Why do I apologise for not smoking when someone asks me for a light?

Thursday, 20 December 2012

I'm not sure if you have seen it or not, but recently there has been a list that has gone vital over Twitter and Facebook. 21 Brilliant British People Problems was posted on Buzz Feed on the 18th Dec and has attracted a fair amount of attention because it hits the mark so well with some brilliant British stereotypes.

Number 8 is entirely true - "My girlfriend claims to be 'neither here not there' on Marmite. Now I can't trust anything she says or does", there is no on the fence with this, Marmite reactions can only be love or hate, there is no mid ground on this issue. Or "Having my haircut, the barber said 'is that alright?' I nodded. It wasn't" is a another fairly standard part of being British. However number 18 on the list just doesn't quite sit right with me…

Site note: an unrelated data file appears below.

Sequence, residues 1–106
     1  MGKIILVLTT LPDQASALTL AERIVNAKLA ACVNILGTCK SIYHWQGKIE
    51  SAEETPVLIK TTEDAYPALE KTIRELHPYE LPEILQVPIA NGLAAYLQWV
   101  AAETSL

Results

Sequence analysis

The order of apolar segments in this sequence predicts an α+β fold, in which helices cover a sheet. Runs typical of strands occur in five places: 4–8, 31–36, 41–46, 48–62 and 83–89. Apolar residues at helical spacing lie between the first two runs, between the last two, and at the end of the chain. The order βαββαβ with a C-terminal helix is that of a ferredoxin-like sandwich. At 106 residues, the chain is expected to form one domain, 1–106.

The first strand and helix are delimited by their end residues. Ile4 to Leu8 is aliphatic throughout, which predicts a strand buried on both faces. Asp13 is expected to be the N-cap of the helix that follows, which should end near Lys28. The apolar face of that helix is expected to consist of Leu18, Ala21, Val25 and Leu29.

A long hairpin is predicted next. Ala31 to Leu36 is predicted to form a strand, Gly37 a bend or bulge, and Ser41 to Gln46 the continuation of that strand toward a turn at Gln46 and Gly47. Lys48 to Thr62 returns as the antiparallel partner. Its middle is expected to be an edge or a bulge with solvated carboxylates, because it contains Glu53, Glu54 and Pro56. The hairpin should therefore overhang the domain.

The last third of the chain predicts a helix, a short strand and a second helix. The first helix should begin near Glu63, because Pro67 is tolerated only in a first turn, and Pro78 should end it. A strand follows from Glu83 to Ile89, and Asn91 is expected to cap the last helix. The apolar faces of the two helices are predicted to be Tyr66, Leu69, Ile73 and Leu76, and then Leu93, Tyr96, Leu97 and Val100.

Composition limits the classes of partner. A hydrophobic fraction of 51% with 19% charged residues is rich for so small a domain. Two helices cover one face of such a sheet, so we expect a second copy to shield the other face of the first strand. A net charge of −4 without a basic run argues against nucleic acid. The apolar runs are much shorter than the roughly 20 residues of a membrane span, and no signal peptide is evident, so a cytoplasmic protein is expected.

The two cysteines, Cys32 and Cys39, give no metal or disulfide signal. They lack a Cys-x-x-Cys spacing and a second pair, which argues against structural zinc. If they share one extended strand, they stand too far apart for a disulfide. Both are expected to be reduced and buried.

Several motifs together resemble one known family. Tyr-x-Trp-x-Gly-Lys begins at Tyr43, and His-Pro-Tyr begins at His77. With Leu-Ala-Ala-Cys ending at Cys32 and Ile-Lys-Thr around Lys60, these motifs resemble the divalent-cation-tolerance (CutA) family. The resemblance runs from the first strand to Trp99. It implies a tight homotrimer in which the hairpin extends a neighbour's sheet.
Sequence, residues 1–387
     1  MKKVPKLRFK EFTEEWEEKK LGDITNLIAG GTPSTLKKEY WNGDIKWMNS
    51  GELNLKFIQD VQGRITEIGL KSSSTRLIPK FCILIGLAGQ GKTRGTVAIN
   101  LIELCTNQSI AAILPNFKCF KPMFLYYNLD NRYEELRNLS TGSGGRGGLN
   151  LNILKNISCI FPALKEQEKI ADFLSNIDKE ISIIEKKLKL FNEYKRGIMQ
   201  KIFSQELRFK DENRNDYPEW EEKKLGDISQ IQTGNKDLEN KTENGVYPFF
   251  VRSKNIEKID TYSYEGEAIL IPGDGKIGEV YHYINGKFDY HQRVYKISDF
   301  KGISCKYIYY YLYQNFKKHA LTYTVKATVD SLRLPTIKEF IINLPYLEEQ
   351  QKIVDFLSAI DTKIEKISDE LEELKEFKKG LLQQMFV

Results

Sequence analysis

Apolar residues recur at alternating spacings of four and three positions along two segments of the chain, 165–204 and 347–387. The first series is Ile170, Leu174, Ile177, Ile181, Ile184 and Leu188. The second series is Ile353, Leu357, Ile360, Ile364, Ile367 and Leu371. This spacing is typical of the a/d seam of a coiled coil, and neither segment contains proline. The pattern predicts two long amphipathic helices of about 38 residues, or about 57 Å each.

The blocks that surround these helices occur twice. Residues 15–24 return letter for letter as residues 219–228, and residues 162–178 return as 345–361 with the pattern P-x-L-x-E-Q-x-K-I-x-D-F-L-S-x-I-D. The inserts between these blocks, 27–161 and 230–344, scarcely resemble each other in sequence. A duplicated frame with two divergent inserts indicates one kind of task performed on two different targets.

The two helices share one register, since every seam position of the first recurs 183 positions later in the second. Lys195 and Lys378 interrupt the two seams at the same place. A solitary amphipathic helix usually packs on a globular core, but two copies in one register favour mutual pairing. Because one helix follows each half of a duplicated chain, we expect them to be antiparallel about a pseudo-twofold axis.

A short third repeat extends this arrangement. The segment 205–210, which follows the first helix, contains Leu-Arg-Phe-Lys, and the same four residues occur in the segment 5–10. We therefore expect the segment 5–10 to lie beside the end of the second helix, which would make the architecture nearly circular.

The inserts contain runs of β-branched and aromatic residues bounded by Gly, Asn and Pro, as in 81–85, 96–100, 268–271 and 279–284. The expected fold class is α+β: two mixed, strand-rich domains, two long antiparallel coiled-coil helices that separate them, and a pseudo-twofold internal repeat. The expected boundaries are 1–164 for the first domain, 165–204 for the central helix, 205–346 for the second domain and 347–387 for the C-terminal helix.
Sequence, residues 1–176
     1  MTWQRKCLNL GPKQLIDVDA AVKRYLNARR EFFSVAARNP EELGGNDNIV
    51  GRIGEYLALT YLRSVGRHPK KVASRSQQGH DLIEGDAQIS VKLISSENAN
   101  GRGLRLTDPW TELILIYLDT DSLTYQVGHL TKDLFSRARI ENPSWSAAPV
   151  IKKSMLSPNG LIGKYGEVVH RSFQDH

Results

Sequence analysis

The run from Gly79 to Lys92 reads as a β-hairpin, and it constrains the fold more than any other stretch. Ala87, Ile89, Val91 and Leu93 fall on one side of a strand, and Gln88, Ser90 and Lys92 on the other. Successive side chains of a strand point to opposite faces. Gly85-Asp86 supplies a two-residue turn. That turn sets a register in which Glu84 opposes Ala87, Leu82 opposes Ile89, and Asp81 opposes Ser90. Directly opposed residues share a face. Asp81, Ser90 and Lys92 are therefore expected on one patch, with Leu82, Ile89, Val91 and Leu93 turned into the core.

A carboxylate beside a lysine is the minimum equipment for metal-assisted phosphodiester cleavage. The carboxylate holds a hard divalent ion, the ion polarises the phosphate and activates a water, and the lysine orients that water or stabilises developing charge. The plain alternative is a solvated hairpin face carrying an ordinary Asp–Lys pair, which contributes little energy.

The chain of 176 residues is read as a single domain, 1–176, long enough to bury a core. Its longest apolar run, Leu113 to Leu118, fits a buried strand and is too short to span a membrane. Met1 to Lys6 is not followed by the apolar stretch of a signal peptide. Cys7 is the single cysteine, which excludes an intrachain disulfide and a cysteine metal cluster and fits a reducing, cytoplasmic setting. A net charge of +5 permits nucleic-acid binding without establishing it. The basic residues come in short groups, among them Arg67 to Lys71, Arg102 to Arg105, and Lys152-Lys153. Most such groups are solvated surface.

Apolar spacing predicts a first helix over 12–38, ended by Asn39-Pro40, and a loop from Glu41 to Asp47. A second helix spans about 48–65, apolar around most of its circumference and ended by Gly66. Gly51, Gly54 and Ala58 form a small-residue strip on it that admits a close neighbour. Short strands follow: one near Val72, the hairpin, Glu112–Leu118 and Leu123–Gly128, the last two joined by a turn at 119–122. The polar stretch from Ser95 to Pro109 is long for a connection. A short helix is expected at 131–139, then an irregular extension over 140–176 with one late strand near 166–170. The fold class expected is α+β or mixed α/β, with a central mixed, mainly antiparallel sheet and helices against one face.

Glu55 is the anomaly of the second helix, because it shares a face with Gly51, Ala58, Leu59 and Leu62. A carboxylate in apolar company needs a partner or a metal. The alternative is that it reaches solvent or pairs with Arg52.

"I apologise for not smoking when someone asks me for a light."

When a person who smokes asks me for a lighter, I admit that I do turn to them and say something along the lines of "Sorry mate; I don't smoke." But it is not the lack of smoking I am apologising for. I am saying sorry for not being able to help the person out, the "I don't smoke" part is simply giving a reason for not being able to help.

I hope that clears that issue up.

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